A Father’s Day Post


When my first son, Tom, was born I joked (bitterly) that all I had to do to be a better father than my father had been was to survive for more than four years.

My father died when I was 4-years-old, after losing a short battle with Hodgkin’s disease. I grew up without a father and with barely any memories of having one. Father’s day was not a holiday I celebrated. I knew I’d had a father and I knew many facts about him but still I’ve always felt that I didn’t really know him.

I grew up wishing I had a father, just like everyone else. I knew many kids with divorced parents but I was the only one who didn’t have a father at all.

Early on I had decided that I wanted to have children and that I would be an active and involved father.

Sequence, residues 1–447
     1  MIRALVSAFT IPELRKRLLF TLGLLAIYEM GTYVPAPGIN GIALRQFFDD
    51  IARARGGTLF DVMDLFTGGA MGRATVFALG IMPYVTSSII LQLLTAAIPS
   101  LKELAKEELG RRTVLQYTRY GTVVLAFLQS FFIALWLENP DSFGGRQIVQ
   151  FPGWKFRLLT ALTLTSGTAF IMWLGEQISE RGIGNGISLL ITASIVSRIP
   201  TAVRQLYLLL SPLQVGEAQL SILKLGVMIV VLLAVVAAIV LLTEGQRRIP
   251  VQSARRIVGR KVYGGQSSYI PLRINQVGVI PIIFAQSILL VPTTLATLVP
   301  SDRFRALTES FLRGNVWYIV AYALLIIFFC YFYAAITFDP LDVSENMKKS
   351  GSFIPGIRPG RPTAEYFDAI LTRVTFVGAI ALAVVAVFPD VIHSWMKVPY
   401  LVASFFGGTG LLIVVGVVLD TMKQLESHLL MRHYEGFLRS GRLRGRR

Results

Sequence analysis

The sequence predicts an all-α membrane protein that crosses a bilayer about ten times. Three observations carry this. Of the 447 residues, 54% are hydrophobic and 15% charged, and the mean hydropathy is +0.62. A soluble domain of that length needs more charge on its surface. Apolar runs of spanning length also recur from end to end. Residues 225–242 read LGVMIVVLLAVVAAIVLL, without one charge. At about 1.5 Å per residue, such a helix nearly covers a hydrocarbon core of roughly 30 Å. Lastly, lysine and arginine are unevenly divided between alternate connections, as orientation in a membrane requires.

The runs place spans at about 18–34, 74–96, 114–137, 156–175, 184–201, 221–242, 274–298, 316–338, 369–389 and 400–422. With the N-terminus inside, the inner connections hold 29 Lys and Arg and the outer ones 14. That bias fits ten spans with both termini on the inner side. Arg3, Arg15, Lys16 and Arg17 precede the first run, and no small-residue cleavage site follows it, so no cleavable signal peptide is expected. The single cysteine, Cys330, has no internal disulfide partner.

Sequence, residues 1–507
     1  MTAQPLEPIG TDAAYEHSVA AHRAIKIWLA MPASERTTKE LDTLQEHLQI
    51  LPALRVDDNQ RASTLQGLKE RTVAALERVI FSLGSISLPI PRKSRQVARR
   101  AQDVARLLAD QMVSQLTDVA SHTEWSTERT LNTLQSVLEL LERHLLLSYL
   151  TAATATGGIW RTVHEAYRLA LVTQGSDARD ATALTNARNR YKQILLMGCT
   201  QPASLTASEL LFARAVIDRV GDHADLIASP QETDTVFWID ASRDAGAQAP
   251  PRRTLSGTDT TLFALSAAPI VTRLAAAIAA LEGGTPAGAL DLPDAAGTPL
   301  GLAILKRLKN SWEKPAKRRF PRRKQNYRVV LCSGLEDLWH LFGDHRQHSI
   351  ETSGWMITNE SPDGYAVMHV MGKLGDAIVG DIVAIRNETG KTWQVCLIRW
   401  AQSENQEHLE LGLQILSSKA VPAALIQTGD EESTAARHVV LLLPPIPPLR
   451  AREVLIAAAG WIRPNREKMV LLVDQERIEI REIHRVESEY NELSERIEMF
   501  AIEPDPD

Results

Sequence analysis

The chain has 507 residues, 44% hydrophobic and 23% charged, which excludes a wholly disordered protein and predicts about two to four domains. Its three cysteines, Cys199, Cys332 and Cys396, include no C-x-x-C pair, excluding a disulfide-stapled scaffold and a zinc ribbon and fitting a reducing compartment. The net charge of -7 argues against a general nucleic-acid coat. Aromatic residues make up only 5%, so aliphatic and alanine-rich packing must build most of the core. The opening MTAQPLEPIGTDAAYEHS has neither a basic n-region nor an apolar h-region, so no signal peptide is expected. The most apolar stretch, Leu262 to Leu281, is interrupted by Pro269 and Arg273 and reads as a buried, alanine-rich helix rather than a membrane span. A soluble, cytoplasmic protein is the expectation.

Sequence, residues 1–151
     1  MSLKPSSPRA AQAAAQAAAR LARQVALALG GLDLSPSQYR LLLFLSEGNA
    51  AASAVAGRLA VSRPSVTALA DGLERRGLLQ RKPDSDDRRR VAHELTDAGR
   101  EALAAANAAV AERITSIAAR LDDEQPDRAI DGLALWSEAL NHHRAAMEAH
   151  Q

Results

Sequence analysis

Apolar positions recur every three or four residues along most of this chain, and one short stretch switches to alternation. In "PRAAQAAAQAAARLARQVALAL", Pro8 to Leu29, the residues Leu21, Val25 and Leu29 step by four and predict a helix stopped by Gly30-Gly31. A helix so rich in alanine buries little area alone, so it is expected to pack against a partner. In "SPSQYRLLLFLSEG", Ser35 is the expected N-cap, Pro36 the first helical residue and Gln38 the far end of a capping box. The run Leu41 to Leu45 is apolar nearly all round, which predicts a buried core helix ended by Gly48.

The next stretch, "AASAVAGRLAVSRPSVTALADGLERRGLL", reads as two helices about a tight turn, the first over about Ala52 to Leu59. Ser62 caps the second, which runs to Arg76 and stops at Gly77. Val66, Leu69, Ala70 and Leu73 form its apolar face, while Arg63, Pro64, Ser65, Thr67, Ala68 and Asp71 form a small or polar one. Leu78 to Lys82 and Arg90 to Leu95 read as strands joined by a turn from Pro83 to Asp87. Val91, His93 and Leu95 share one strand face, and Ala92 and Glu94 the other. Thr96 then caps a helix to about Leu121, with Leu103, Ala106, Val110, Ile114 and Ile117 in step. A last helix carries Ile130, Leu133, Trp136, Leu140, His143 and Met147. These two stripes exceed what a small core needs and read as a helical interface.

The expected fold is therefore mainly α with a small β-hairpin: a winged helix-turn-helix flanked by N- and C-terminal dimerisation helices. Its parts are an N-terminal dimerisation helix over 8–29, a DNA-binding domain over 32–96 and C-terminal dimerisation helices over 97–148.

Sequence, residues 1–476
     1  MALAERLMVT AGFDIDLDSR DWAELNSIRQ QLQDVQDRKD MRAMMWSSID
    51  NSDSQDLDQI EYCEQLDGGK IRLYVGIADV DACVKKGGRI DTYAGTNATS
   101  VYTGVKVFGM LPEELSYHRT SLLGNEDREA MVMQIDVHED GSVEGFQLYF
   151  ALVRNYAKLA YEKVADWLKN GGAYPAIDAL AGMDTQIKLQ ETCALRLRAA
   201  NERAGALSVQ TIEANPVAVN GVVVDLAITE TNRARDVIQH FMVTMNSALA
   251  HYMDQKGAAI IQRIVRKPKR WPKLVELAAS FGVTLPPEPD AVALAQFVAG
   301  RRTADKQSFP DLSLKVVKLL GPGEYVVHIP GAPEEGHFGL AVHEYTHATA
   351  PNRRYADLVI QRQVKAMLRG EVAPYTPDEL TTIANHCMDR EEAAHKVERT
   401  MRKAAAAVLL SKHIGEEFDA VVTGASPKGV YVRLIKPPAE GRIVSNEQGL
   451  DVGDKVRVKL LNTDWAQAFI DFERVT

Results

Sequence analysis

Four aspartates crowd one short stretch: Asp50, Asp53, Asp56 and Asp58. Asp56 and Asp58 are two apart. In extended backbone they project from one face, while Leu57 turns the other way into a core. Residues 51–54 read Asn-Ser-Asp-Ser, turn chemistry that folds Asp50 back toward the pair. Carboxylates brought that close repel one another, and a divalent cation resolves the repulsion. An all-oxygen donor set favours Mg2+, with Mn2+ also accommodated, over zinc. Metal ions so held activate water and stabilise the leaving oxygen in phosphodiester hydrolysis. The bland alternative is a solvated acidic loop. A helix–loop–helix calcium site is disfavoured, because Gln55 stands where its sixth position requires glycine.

When Tom was born I immediately felt I wanted him to have what I never had. At the time I was a healthy 31- year-old and although I’d always feared cancer I did not think I had any reason to worry about my health.  But when Tom was just over a year old, something began to go wrong.  It took months for me to realize it was something serious.  I was losing weight and waking up throughout the night to drink and then urinate.  I thought I was waking up because of Tom’s crying.  Little did I know…

When Tom was 18-months-old I was diagnosed with type 1 diabetes.  At that point, after losing 20-some pounds, the feeling in my feet, and with my vision so blurred I couldn’t see the TV, death did not seem all that far away. It didn’t take me very long to understand that if I wanted to stay around and be able to be the active father I’d always wanted to be I would have to take very good care of myself.   So here I am trying…

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